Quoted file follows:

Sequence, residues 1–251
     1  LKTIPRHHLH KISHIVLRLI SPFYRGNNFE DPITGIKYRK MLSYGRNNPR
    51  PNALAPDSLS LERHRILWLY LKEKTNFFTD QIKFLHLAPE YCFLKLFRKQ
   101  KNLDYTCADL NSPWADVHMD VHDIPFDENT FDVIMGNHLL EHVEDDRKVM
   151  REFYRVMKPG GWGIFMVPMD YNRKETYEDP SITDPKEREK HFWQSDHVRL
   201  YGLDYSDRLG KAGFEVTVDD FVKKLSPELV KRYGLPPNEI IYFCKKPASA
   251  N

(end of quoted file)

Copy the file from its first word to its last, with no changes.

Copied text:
Sequence, residues 1–251
     1  LKTIPRHHLH KISHIVLRLI SPFYRGNNFE DPITGIKYRK MLSYGRNNPR
    51  PNALAPDSLS LERHRILWLY LKEKTNFFTD QIKFLHLAPE YCFLKLFRKQ
   101  KNLDYTCADL NSPWADVHMD VHDIPFDENT FDVIMGNHLL EHVEDDRKVM
   151  REFYRVMKPG GWGIFMVPMD YNRKETYEDP SITDPKEREK HFWQSDHVRL
   201  YGLDYSDRLG KAGFEVTVDD FVKKLSPELV KRYGLPPNEI IYFCKKPASA
   251  N